What we still don’t know
I used to think that science was about discovery, about adding certainty to what we know about the Universe. Discoveries happen, of course, but I’ve learned that the really exciting stuff happens not when we expand our knowledge, but our ignorance; progress is measured in the number of unanswered questions we have. After all, any good result raises more of those than it answers.
I have this in mind because today is the 5th anniversary of the launch of Galaxy Zoo, and it’s tempting to write about how we – with your help – have magnificently fulfilled the vision we had back in 2007. After all, in that first story on the BBC news website; a youthful version of me chirps that “We hope that participants in Galaxy Zoo will not only contribute to science, but have a lot of fun along the way”. Science? Check. Fun? Check..
But did we really understand what we were getting into? Certainly not. We’ve rehearsed before the story that we didn’t understand the size of the response we would get, nor the undimmed enthusiasm for sharing in exploring the Universe that still motivates volunteers today. But on launch, we didn’t realize we needed this blog to explain what we were doing with the clicks, nor the forum; which (thanks to the efforts of Alice Sheppard and team) has played such an important role in defining Galaxy Zoo. We didn’t realize that detailed classifications, of bars and three-armed spirals, of bulgeless disks and merging galaxies, were possible, nor that thanks to the Hubble Space Telescope we’d end up exploring the distant Universe, peering at blue blobby galaxies in a mixture of interest, awe and frustration.
We didn’t realize that spontaneous discovery, serendipitous exploration of the cosmos would come to provide some of the most entertaining and scientifically valuable results from the project. From the Voorwerp, to the recent Hubble images of the Voorwerpjes; (another hit my inbox this morning – watch this space) through to the Peas which are now attracting rather a lot of attention). On a personal note, on that July morning in 2007 I didn’t know most of the people who would lead this scientific return – Kevin, of course, was still recovering from classifying 50,000 galaxies himself, and Kate Land and Anze Slosar provided sterling support, but Steven Bamford and Karen Masters in particular had yet to step forward into their leading roles. Much of this science will be celebrated at a one day meeting at the Royal Astronomical Society next year on ‘Galaxy Morphology in the era of large surveys’ – mark your diaries for May 10th! The most exciting work to be presented at that meeting probably doesn’t exist yet – I suspect we’ll still be puzzling over exactly what bars do to galaxies (or vice versa), and arguing about exactly how black holes grow, but all we have at the moment is an ever-growing pile of questions. Which is, of course, exactly as it should be.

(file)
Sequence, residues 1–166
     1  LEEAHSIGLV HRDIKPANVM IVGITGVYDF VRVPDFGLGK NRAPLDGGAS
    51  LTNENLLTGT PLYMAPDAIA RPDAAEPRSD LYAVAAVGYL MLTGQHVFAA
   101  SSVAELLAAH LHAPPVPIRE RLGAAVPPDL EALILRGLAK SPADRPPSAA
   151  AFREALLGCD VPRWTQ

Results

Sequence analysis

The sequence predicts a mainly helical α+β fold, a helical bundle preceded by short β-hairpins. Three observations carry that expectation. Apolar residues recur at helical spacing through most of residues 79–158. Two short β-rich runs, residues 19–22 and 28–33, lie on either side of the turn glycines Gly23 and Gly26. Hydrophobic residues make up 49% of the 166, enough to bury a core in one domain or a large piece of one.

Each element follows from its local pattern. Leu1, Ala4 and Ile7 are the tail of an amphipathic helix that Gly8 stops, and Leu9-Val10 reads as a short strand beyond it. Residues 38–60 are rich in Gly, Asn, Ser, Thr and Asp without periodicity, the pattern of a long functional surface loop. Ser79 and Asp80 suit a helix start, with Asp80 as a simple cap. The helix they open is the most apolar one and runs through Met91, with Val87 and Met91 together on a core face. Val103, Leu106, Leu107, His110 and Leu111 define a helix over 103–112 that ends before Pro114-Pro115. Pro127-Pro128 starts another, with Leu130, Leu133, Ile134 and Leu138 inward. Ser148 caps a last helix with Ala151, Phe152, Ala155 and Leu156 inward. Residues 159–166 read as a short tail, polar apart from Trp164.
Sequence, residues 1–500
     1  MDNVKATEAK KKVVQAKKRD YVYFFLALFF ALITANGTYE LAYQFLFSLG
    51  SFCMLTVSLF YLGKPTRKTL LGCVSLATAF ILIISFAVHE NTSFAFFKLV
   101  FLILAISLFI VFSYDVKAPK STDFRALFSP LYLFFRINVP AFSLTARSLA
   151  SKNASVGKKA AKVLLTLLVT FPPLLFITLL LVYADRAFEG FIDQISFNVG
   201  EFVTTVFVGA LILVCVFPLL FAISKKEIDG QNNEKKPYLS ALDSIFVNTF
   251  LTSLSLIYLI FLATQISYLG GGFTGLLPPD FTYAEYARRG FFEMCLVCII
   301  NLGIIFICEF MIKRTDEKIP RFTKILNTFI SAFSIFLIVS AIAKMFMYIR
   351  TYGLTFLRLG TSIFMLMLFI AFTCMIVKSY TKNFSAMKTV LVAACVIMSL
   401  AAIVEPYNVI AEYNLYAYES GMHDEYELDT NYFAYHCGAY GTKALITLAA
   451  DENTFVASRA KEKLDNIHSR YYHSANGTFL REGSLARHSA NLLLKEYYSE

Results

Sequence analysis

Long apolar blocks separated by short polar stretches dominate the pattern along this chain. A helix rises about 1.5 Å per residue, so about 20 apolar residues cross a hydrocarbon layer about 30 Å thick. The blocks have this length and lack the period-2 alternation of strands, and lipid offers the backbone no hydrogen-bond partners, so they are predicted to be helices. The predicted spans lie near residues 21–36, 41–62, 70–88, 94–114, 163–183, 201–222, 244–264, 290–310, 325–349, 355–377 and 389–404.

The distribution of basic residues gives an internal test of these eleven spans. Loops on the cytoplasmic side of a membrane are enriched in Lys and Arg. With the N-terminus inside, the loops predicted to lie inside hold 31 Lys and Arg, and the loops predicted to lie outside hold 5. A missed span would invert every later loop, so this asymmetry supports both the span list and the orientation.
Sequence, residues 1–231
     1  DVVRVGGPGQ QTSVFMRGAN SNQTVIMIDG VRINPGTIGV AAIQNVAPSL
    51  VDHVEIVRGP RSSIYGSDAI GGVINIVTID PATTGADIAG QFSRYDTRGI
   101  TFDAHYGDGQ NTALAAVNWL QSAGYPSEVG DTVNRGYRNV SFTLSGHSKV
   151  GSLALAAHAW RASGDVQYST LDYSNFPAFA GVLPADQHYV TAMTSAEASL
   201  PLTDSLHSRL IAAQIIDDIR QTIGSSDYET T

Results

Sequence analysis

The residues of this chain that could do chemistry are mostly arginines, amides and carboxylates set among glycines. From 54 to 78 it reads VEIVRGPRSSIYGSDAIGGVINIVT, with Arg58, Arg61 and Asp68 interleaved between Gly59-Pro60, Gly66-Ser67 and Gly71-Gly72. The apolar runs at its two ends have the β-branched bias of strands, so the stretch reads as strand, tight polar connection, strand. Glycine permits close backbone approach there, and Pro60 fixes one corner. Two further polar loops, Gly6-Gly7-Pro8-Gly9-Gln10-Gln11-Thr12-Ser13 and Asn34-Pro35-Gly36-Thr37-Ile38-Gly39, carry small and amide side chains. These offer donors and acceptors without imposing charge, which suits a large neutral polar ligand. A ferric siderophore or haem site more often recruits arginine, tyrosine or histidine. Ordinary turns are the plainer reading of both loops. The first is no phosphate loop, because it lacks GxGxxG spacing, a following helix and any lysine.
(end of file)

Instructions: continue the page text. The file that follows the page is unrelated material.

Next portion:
We also didn’t know what we didn’t know when it came to development. The original site worked brilliantly, thanks to the efforts of Phil Murray; and Dan Andreescu, but probably the biggest change over the last few years has been the arrival of Arfon Smith and his merry band of developers. That, of course, has spawned a whole new Zooniverse, which has sent us hunting for supernovae, planets, looking for bubbles and even listening to whales. In that manic expansion, Galaxy Zoo has occasionally been left behind, but I’m pleased to say that a new site is on the way. By the middle of August, a brand new site will be serving up images of new galaxies, both from the deep CANDELS survey and, returning to our roots, from the latest data release of the Sloan Digital Sky Survey. We do need to have a few more clicks on the existing site, though, so anyone who classifies in the next two weeks on Galaxy Zoo will be rewarded with early access to the new site (whether or not you’re still reading at this point).
So much for the next few weeks. What of the next few years? I could tell you that as Galaxy Zoo has established citizen science as a standard way of doing astronomy, you’ll see many more projects from us exploring pretty much every aspect of the Universe. I could tell you that I suspect that live interaction with data fresh from the telescope; is going to be increasingly important as the amount of data available to astronomers reaches at least 120 terabytes by the end of the decade. I could spend hundreds or thousands of words convincing you that advanced tools are key, that we’re going to need many more people to follow the lead of the denziens of the forum and get deeply involved in the science that lies beyond clicking. And I could tell you of our determination to finally crack a means of getting Galaxy Zoo firmly into the classroom, but the truth is anything could happen. And that’s just the way we like it.
P.S. To anyone who has taken part in the last 5 years – thanks a million. Now go and get classifying.